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Enough to go around

FG Editor Lynn Olsen Published on 28 September 2012

As another forage production season comes to a close, many producers once again find themselves wondering if they will have enough feed on hand or be able to find and purchase what they are lacking.

The weather, always an unknown heading into a growing year, was not very kind in some areas, particularly in those that experienced drought.

Although some moisture fell during recent weeks, record-setting heat in the summer months caused severe stress to the nation’s croplands.

For example, according to the most recent USDA/NASS Crop Progress Report (week ending September 9, 2012), 59 percent of the nation’s pasture and range conditions are in the poor or very poor category compared to 42 percent a year ago.

Percentage of hay located in drought
And, according to the most recent USDA Agricultural Weather Assessments, 63 percent of the nation’s hay acres are growing under drought conditions (see Figure 1). 

Click here or on the image at right to view it at full size in a new window.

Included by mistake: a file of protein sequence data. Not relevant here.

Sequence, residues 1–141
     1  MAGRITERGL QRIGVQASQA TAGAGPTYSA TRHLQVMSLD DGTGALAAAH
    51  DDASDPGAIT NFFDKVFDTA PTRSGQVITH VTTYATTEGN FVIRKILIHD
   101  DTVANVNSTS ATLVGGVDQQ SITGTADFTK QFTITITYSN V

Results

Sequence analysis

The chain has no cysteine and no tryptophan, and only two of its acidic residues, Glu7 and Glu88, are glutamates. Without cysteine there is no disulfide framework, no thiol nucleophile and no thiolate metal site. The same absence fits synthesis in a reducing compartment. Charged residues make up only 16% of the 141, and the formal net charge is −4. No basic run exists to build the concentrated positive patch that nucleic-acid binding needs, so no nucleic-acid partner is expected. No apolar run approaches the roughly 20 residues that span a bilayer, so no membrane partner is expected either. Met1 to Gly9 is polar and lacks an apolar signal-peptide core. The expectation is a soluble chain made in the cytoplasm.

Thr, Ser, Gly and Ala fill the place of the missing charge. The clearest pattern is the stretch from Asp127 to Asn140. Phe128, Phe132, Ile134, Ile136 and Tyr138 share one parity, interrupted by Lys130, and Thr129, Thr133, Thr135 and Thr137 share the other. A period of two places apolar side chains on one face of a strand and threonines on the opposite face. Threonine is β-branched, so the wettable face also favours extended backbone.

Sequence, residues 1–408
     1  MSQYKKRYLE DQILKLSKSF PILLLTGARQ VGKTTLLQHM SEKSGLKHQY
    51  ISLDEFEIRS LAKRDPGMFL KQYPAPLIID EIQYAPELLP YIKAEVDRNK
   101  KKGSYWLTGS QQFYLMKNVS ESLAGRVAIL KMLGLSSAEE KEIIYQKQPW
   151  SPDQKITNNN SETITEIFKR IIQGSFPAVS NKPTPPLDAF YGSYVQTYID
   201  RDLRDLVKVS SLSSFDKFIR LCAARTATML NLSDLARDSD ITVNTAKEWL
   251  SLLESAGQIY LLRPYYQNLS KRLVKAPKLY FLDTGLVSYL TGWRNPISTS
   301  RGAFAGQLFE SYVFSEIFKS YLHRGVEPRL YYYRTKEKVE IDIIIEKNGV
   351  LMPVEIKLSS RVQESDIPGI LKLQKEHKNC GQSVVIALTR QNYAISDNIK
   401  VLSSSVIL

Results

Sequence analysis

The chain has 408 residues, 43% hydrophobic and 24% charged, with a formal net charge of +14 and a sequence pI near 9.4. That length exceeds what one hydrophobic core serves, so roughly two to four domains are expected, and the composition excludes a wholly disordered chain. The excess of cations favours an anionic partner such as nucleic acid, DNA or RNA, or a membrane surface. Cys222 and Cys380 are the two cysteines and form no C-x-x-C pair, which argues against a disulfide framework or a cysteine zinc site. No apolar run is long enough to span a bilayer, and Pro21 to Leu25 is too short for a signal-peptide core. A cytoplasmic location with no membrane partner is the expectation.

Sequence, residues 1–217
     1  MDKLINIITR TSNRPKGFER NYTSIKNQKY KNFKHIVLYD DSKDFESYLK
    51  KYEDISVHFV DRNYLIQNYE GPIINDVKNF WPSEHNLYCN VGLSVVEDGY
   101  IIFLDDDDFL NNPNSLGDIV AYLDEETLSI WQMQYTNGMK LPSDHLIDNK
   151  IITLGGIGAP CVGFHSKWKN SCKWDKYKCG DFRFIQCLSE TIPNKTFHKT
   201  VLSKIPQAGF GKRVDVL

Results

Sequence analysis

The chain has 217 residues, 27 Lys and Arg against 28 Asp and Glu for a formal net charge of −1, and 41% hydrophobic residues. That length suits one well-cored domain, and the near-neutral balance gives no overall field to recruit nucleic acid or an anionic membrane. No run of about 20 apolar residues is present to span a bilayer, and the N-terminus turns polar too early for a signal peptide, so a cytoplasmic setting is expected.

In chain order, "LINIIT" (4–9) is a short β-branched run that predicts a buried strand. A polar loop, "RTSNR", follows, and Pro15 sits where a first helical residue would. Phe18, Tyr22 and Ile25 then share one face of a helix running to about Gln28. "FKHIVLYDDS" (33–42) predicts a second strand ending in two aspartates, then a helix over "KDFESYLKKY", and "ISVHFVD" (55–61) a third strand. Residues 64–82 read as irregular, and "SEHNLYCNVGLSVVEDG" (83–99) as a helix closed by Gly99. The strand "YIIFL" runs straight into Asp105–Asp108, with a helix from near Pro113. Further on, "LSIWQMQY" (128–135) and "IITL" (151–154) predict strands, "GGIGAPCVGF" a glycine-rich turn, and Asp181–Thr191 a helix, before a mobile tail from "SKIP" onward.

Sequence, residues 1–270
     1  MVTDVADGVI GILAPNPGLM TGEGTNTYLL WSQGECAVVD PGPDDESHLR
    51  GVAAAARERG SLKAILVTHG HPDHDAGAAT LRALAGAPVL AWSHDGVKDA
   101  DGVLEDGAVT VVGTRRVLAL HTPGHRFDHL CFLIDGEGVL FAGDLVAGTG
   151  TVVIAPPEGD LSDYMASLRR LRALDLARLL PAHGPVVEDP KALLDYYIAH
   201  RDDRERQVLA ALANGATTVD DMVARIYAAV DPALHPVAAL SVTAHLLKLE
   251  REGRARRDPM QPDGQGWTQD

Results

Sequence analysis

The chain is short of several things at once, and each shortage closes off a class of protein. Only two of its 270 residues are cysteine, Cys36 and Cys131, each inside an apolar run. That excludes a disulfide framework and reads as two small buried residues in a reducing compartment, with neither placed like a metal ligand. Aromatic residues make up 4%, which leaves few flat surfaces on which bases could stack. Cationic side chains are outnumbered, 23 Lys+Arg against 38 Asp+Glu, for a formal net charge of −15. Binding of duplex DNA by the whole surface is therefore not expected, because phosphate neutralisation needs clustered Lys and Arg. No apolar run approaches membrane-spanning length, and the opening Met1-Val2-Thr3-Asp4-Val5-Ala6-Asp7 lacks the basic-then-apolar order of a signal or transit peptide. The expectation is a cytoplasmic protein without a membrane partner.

Based on these figures, it’s almost inevitable that supplies may be limited and quality of the available forage may be lower than desired in the coming months.

The question looming is “Will there be adequate feed this year?”

As a producer, now is the time to assess your forage supply. Do you have enough to meet your own needs? If you are lucky enough to answer “yes” to that question, do you have enough to sell? How much should you charge?

Whether for your own use or excess to sell, it is critical to protect what supplies you do have to maximize quality.

Stack and cover hay to reduce weather damage, wrap or pack silage correctly to reduce loss and pay attention to pasture stocking density and rotation.

Soil and forage testing should also be a high priority, not only to know what you have to work with for this year but also to plan for next season. Keep good records, and prioritize your feed needs.

As always, communication is critical. If you are in need of forage, network with others to find available resources. If money is an issue, talk to your buyer or seller up front and come to an agreement you can both live with.

Ultimately it’s “business as usual” in the forage world, but if we all work together, there will hopefully be enough to go around.  FG


Lynn Olsen

Progressive Forage Grower